Improving Posture for Anti-Aging with Dr. Steven Weiniger: Rational Wellness Podcast 055
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Improving your posture is an anti-aging strategy with Dr. Steven Weiniger, who is interviewed by Dr. Ben Weitz.
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3:49 Dr. Weiniger talks about some of the negative consequences of poor or weak posture, including neck and back pain.
8:32 The key to posture is taking a picture of yourself and drawing lines and measuring how you stack up. Then make some changes and next year take another picture and see if you have changed.
9:22 The invention of the smart phone on top of the computer now has led to about 90% of people in the US having weak, folded posture being bent over with rounded shoulders and forwards head. This is an epidemic in our society that is getting worse.
10:22 I pointed out that the more time people spend on social media, the more lonely they get, which increases their risk of chronic diseases and early death.
13:00 We talked about Dr. Weiniger’s PostureZone app that allows you to take a picture and measure where their head, torso and pelvis is in space over where they are standing. Those are the four posture zones and the Posturezone app lets you measure the degrees of deviation from vertical of the poor posture zone. This app both lets people become aware of their posture and allows professionals to measure posture and generate reports showing changes over time before and after treatment.
23:20 Dr. Weiniger explained how we go about constructing an exercise program to improve posture with his strong posture protocols. He also mentioned that chiropractic manipulation is very important in helping to improve posture, as is proper nutrition.
Dr. Steven Weiniger is a Doctor of Chiropractic with a specialty in posture analysis and correction. Dr. Weiniger is an author, speaker, and internationally recognized posture expert https://www.bodyzone.com/posture-expert/ Dr. Weiniger has written Stand Taller Live Longer: An Anti-Aging Strategy available through Barnes and Noble https://www.barnesandnoble.com/w/stand-taller-live-longer-steven-weiniger/1009154991?ean=9780979713606 and Posture Principles-–5 Principles of Posture.
Dr. Ben Weitz is available for nutrition consultations specializing in Functional Gastrointestinal Disorders like IBS/SIBO and Reflux and also specializing in Cardiometabolic Risk Factors like elevated lipids, high blood sugar, and high blood pressure as well as sports chiropractic work by calling his Santa Monica office 310-395-3111.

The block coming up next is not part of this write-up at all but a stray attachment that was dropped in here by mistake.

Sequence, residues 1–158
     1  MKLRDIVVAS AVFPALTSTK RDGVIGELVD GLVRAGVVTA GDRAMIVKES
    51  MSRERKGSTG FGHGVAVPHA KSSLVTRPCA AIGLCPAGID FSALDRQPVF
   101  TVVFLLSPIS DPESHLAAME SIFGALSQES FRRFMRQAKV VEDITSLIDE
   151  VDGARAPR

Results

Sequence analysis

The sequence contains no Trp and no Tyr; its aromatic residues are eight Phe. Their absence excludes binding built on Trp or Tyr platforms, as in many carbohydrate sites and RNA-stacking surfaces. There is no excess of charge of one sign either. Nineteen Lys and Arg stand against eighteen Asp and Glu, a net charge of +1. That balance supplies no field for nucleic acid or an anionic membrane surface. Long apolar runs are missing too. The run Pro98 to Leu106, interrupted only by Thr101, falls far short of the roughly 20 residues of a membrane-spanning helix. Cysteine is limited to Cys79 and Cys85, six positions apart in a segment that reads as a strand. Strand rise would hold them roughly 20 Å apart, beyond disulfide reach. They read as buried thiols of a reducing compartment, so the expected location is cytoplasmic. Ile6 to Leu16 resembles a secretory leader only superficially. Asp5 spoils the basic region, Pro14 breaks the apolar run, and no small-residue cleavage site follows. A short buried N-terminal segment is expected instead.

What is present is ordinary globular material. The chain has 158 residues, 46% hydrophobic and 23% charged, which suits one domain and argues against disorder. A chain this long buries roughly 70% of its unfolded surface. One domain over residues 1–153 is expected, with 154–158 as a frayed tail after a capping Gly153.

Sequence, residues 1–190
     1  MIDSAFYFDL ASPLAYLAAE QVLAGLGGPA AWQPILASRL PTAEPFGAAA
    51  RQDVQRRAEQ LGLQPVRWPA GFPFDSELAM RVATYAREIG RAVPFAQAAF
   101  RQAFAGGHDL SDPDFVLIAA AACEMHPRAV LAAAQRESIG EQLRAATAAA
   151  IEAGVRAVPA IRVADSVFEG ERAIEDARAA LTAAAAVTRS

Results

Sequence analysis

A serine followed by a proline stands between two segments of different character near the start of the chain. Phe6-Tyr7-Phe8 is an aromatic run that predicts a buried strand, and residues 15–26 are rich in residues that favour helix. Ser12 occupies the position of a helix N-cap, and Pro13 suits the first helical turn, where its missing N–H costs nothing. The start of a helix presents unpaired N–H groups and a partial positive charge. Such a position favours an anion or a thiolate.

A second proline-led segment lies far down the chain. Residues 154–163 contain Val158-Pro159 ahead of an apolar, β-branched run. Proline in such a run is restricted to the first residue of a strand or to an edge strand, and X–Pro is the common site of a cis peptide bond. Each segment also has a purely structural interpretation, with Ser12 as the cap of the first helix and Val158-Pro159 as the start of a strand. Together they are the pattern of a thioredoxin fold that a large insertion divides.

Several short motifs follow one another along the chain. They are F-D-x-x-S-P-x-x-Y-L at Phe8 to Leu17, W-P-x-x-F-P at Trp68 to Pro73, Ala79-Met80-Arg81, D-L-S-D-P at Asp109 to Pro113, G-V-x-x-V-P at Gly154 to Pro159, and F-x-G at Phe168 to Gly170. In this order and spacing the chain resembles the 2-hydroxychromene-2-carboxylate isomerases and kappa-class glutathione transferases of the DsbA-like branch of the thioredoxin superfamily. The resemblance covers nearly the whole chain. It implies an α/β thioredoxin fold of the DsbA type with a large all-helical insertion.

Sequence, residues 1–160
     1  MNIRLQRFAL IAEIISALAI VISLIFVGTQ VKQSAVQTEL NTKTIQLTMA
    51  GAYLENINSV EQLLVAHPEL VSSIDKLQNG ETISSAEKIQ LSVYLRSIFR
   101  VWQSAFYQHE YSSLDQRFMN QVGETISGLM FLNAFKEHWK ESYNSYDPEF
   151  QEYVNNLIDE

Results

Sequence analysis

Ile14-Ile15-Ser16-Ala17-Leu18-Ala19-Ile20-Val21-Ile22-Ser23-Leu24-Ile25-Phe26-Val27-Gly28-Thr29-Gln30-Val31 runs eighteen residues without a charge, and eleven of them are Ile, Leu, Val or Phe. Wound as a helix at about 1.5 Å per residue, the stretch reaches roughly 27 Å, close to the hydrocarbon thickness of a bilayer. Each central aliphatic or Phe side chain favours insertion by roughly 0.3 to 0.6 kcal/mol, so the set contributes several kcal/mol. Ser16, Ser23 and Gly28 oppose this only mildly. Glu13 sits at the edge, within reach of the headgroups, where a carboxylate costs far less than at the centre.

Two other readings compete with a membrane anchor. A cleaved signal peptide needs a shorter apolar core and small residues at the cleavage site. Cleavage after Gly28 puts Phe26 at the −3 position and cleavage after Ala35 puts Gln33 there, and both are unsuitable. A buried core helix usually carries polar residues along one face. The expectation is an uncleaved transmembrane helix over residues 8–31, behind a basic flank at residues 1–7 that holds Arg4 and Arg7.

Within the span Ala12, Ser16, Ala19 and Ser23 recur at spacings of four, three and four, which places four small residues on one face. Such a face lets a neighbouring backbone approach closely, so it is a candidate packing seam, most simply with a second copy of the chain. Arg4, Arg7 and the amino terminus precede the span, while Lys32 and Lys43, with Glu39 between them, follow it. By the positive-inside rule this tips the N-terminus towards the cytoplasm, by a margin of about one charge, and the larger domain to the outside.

Dr. Weitz: This is Dr. Ben Weitz, with the Rational Wellness Podcast, bringing you the cutting edge information on health and nutrition from the latest scientific research and by interviewing the top experts in the field. Please subscribe to Rational Wellness podcast on iTunes and YouTube, and sign up for my free ebook on my website by going to drweitz.com. Let’s get started on your road to better health.
Hey Rational Wellness podcasters, thank you so much for joining me again today. We’re going to talk about posture again and it’s such an important topic because it affects so many factors in our overall health. And as a chiropractor, I constantly see patients every day who come into the office and they say, “Doc, why does my back hurt? Why does my neck hurt? I didn’t lift anything, I didn’t do anything.” And so, in so many of these cases, posture is the unthought of, underlying cause and as somebody who’s into functional medicine, I always believe in trying to get to the root cause of problems. And the same thing for chiropractic, we can’t just correct your neck and back pain with a drug that’s gonna relieve the pain, we’ve gotta try to get to the underlying cause. And I personally have found that poor, bad, inefficient posture is a major factor, in not only the cause of their pain but also in your inability to heal properly from the pain. And the fact that, the pain is likely to come back.
By the way, all of you who enjoy the Rational Wellness podcast, please go to iTunes, or wherever you get your podcast and leave us a rating and a review. That will allow more people to find the Rational Wellness podcast. And so, our special guest for today is Dr. Steven Weiniger. Steve is a posture expert, he’s the author of Stand Taller, Live Longer, a tremendous book, the creator of the CPEP training program for professionals, helping people check their own posture with his PostureZone app that you can get on your phone, and he’s the chief posture evangelist of May. And May is posture month, and he’s the head of the posture month organization. Anyways, Steve, thanks so much for joining me today.